To a beginning storm observer, wall clouds and shelf clouds (and more broadly inflow vs. outflow features) — can be confusing. Both of these storm features look to hang down from storms and oftentimes they can be mistook for one another.
However, these two could not be more different.
Shelf clouds are products of storm outflows — or air rushing out and away from a storm. On the other end, wall clouds are an inflow feature — and they typically form at the strongest portions of updrafts where air is being pulled into the storm the most.
Both of these features can have a lot of motion. However, the motion on shelf clouds tends to be more chaotic and less organized in nature. Still, this doesn’t stop many shelf clouds from being reported as rotating wall clouds every year.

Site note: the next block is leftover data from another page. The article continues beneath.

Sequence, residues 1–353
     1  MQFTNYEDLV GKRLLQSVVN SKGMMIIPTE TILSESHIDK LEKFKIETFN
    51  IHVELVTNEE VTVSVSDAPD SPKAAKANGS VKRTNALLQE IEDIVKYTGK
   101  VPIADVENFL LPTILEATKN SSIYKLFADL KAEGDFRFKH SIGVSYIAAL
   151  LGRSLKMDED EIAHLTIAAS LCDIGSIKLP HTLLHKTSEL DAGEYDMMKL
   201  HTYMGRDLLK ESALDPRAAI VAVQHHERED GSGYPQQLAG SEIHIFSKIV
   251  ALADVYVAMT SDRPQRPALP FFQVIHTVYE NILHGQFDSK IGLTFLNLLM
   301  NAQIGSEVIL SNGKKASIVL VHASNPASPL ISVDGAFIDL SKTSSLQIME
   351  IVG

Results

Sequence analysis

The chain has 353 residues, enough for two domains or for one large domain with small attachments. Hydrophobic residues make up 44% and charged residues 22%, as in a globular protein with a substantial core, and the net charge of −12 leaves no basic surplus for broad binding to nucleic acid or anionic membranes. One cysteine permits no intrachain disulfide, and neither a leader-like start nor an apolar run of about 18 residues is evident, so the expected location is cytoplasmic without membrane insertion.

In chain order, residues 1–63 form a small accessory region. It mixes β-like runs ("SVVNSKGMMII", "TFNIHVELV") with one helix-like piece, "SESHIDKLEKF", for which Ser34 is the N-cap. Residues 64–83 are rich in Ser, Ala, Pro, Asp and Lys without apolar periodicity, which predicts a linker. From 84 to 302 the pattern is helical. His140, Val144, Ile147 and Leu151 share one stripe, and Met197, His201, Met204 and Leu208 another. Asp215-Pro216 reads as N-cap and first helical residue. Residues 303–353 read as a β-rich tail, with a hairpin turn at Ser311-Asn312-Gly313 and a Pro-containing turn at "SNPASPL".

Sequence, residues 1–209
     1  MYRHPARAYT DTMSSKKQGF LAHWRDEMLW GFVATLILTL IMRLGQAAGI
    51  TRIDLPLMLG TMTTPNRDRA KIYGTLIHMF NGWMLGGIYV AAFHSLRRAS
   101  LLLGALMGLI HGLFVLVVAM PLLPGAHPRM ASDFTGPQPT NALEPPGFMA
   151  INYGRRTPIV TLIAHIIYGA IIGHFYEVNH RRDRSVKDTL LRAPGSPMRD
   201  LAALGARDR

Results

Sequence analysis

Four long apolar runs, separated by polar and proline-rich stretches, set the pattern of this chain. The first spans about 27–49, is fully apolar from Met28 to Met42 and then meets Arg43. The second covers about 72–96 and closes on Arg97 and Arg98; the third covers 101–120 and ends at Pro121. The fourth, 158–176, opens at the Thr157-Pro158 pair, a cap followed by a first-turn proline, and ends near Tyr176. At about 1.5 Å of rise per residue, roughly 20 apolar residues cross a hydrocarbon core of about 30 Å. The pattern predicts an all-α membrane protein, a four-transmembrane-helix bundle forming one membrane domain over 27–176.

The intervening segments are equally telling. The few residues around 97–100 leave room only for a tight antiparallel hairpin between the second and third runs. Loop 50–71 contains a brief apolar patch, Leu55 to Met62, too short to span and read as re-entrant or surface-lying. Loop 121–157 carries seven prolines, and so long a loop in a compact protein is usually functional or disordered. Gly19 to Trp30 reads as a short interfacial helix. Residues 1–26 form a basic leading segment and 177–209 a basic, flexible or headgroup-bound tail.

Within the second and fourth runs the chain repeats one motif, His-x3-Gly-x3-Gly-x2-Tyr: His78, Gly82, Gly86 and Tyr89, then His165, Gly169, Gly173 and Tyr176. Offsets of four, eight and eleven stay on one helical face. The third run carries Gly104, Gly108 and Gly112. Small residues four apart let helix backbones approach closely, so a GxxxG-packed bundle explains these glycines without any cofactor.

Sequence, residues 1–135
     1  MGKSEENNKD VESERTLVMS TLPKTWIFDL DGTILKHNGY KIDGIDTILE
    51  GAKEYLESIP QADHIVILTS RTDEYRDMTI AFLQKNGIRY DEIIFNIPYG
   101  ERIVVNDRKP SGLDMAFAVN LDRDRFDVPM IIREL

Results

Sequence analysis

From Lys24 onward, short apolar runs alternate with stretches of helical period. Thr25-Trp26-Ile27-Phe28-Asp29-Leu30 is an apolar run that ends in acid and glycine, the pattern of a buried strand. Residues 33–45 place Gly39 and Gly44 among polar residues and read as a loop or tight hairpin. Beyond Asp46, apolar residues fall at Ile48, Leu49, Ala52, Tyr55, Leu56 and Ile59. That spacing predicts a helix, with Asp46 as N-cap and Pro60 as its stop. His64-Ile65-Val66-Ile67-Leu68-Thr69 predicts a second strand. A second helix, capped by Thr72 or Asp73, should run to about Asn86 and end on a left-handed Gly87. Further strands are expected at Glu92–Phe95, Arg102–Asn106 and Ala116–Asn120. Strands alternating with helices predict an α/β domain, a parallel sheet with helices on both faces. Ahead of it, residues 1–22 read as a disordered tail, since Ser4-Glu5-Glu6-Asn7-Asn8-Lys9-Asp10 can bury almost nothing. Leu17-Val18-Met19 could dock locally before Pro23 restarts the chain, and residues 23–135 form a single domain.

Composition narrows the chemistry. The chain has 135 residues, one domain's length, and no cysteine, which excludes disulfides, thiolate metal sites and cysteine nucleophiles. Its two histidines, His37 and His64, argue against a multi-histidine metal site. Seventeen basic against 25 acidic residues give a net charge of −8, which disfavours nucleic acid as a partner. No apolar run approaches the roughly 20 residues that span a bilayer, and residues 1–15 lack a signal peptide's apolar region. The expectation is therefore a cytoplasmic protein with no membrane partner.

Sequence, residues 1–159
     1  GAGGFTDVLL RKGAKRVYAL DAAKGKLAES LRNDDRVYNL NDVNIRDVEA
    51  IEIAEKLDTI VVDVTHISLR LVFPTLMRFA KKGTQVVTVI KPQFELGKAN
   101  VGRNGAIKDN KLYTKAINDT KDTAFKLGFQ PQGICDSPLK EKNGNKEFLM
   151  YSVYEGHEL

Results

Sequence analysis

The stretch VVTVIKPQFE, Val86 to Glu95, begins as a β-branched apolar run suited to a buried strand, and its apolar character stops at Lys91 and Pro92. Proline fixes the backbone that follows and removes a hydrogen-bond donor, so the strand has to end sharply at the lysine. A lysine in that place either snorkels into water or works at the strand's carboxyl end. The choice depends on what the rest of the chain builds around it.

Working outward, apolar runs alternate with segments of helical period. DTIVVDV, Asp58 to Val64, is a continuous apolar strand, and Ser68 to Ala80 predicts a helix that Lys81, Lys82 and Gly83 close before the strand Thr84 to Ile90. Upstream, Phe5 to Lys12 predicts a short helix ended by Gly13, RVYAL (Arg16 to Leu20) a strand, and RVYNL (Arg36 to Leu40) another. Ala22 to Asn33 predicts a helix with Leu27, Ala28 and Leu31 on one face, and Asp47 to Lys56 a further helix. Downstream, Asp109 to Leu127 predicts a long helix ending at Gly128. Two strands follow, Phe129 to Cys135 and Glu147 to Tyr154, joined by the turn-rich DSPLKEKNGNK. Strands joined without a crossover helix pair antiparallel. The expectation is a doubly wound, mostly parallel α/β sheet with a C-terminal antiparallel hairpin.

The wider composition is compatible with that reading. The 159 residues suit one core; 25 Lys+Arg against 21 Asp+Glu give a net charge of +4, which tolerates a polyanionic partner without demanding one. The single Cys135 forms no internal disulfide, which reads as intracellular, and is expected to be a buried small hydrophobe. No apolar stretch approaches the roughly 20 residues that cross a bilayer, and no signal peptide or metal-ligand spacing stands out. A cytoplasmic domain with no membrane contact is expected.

A wall cloud can sport rotation along a vertical axis. Still, the presence of a wall cloud does NOT mean a tornado is imminent. For tornado chances to be on the rise with a wall cloud, it must be persistent (lasting more than a few minutes) and it must have increasing rotation with time. A persistent wall cloud that isn’t rotating or a rapidly rotating wall cloud that dissipates quickly tend to not be imminent signs of a tornado. However, ALL rotating wall clouds should be monitored carefully.